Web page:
Red Hat has affirmed its commitment to the open-source Advanced Message Queuing Protocol as the company's strategic messaging protocol going forward.
Red Hat announced its endorsement and support for AMQP, an open, unencumbered integration protocol for business messaging, in conjunction with the AMQP Conference held in New York on Oct. 12 where AMQP 1.0 was officially launched. The conference was held at the headquarters of JPMorgan Chase & Co. AMQP has caught on heavily in financial sector IT shops.
As a founding member of the AMQP working group, Red Hat has been a leader in the establishment of AMQP as a frequently adopted open messaging protocol standard. The company has made key contributions to the protocol since its inception, including playing an active role in the development and editing of the AMQP specification.
Those contributions stem from Red Hat's belief that the AMQP standard extends interoperability within and beyond the enterprise, Red hat said in a press release. Indeed, Red Hat has been a significant investor in AMQP since the protocol was initially proposed.
For its part, Red Hat said AMQP is a critical infrastructure component for next generation solutions that require integration to extend beyond the traditional enterprise boundaries that were once the focus of legacy providers. Red Hat also feels the recent ratification of AMQP 1.0, along with the incorporation of the AMQP Working Group within the newly constituted OASIS AMQP Member Section, are key milestones in the evolution of this Internet protocol for business messaging, showing its relevancy to the future enterprise.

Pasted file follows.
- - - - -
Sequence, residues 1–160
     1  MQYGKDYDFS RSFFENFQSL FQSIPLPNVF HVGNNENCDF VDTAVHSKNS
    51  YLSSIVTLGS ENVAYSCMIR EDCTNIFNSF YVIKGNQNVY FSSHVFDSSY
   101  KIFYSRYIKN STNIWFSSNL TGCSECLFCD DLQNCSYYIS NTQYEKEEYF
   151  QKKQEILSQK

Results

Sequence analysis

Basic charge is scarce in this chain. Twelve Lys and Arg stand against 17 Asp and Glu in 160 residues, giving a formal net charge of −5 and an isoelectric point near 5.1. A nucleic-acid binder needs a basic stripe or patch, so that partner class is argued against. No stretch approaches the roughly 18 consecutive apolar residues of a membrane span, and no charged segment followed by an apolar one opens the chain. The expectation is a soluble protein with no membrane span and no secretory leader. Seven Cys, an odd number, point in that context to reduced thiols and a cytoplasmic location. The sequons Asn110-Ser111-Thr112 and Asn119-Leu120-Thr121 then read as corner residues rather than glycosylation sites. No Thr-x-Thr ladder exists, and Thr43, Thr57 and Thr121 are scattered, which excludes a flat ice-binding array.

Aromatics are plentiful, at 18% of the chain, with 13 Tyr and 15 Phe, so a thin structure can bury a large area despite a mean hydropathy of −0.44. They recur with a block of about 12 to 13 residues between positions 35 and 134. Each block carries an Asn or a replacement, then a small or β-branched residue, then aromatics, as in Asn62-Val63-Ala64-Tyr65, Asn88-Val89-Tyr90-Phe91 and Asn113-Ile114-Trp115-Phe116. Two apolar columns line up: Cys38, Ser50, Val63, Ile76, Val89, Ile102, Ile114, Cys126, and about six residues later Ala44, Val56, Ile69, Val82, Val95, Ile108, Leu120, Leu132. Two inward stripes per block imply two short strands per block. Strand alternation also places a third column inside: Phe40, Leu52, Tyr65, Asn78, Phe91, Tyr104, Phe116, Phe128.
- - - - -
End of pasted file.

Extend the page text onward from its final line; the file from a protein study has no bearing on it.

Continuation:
The AMQP working group sponsored the launch event in New York featuring a presentation from Red Hat customer Deutsche Borse Group, Eurex, the derivatives exchange of Deutsche Borse, which has deployed Red Hat Enterprise MRG Messaging as the integration fabric for its AMQP-based risk system.
"Deutsche Borse's use of AMQP is a great illustration of the power of the protocol," said Carl Trieloff, technical director at Red Hat and longtime AMQP working group contributor, in a statement. "It highlights the benefits of an open messaging protocol and the business benefits that are derived from fostering interconnectivity, seamlessly connecting Deutsche Borse with more than 100 different clearing members in what has proven to be an award-winning solution. Now, as a part of the OASIS standards initiative, we expect the appeal of AMQP-based messaging solutions to truly grow."
As the popularity of open messaging continues to expand, so does Red Hat's support of the AMQP standard, exemplified by significant new enhancements that have been made to the company's JBoss Enterprise SOA Platform and JEE Application Server. These products now support Red Hat's Enterprise MRG Messaging -- built on AMQP -- thereby enhancing ESB and data services interoperability with non-Java platforms, such as applications written in languages like .NET or C++, the company said.
Moreover, Red Hat also demonstrated its commitment to AMQP last year when the company released client APIs that abstract away from the underlying version of the AMQP protocol. This is designed to facilitate customers' transition to AMQP 1.0 and offer the ability to do a staged rollover of existing deployments when AMQP 1.0 becomes available in the product.
"The ratification of AMQP as a standard, open protocol for message-based communication is a major milestone for customers and information technology as a whole," said Craig Muzilla, vice president and general manager of Red Hat's Middleware Business, in a statement. "We believe the adoption of message-based systems will gain momentum now that customers will achieve faster innovation and not feel locked in. Red Hat is committed to AMQP as a game-changer, and we have incorporated its use into our messaging and other JBoss middleware solutions."